White House

Senators: 'No indications' Trump Tower subject of surveillance

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Two top senators said Thursday they see "no indications" that Trump Tower was surveilled “by any element of the United States government,” in one of the most definitive bipartisan rejections to date of President Trump's wiretapping allegation. 

Senate Select Committee on Intelligence Chairman Richard Burr, R-N.C., and Vice Chairman Mark Warner, D-Va., issued the statement only hours after Trump told Fox News’ Tucker Carlson that he would be providing evidence of his claims “very soon.”

“Based on the information available to us, we see no indications that Trump Tower was the subject of surveillance by any element of the United States government either before or after Election Day 2016,” the statement from Burr and Warner said.

The language used by the senators was a degree more definitive than that used by House Intelligence Committee Chairman Devin Nunes, R-Calif., who Wednesday said his committee didn’t “have any evidence” wiretapping took place.

Nunes also said there was no “actual tap of Trump Tower,” saying he believed Trump was discussing surveillance in a broad sense when he sent his initial tweet. He added that communications by Trump aides may have been gathered as part of "incidental" collection.

White House Press Secretary Sean Spicer reacted angrily Thursday to reporters' questions about the Burr and Warner statement.  

"It's interesting to me that just as a point of interest, when one entity says one thing that claims one thing, you guys cover it ad nauseum," he said at his daily press briefing. "When Devin Nunes said it's very possible, there was crickets. When he said there was no connection to Russia -- crickets."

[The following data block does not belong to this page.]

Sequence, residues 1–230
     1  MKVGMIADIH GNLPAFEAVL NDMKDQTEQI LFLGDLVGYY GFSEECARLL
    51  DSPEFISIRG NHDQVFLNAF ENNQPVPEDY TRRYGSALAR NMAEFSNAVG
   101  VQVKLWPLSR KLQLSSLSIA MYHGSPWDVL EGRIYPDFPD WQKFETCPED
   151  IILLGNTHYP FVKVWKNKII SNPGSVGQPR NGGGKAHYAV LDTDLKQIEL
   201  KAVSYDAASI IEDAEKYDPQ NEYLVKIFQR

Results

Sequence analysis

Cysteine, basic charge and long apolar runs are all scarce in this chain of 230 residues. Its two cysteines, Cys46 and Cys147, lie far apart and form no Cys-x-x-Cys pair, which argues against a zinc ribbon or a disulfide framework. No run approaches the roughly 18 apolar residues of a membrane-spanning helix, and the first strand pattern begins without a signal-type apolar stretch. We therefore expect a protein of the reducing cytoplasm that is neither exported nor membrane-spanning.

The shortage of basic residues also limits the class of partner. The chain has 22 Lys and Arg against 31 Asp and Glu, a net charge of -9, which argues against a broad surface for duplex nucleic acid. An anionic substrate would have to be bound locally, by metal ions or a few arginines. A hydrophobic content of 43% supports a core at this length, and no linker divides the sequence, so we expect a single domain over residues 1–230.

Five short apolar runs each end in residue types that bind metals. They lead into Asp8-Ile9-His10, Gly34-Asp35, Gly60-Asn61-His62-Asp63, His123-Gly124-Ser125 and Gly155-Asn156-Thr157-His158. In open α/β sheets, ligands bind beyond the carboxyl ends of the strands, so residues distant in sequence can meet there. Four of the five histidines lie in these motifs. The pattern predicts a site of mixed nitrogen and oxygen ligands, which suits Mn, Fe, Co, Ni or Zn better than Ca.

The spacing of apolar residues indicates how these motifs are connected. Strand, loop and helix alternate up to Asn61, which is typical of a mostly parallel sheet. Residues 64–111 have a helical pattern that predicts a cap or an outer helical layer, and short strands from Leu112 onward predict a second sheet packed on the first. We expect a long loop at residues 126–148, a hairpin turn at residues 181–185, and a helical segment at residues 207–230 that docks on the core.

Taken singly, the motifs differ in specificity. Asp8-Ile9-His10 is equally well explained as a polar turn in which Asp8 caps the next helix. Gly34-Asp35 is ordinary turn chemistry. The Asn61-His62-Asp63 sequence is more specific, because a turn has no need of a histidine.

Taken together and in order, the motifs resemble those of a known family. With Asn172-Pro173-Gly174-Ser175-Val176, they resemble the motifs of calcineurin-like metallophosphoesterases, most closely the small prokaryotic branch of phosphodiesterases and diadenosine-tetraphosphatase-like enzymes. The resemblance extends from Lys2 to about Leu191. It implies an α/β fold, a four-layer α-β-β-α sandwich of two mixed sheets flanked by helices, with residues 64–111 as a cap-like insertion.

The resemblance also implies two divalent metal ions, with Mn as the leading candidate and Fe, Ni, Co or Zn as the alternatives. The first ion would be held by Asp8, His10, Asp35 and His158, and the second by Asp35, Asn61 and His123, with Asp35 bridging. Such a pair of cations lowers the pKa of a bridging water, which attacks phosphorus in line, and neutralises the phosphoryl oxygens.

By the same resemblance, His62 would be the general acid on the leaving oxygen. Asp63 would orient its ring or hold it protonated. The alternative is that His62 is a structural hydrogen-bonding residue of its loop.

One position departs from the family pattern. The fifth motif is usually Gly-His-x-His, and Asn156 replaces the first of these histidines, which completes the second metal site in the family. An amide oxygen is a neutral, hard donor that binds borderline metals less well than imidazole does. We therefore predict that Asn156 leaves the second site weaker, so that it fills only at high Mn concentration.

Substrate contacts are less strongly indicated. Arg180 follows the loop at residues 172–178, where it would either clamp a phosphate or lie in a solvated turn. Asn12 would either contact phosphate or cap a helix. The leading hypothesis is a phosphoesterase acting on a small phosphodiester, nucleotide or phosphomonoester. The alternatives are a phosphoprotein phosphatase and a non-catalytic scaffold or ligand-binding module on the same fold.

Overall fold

"Where was your passion and where was your concern when they said there was no connection to Russia?" he asked ABC's Jonathan Karl.

Some Republicans lawmakers, such as Sen. Lindsey Graham, R-S.C., called on the FBI to make a statement on the matter.

“While I appreciate the House and Senate Intelligence Committees’ chairmen and ranking members putting out bipartisan statements indicating they have seen no evidence of surveillance of Trump Tower by the Obama Administration, I strongly believe that these statements by political leaders should not be a substitute for a public response from the Federal Bureau of Investigation and Department of Justice on this matter," he said.

Amid the attempts of lawmakers in both parties to put the issue to rest, Trump told Carlson on Wednesday that “perhaps” in “this next week” supporting evidence would emerge that the Obama administration engaged in surveillance against Trump and his top lieutenants.

“You’re going to find some very interesting items coming to the forefront over the next two weeks,” Trump said.

Trump’s assertions were first made public in a series of March 4 tweets that appeared to be based off a timeline of news articles reporting Trump associates that had been caught up in surveillance. Each of the articles cited anonymous sources and provided no concrete proof of a surveillance operation.

“Terrible! Just found out that Obama had my ‘wires tapped’ in Trump Tower just before the victory. Nothing found. This is McCarthyism!” Trump tweeted.

He added: “Is it legal for a sitting President to be ‘wire tapping’ a race for president prior to an election? Turned down by court earlier. A NEW LOW!”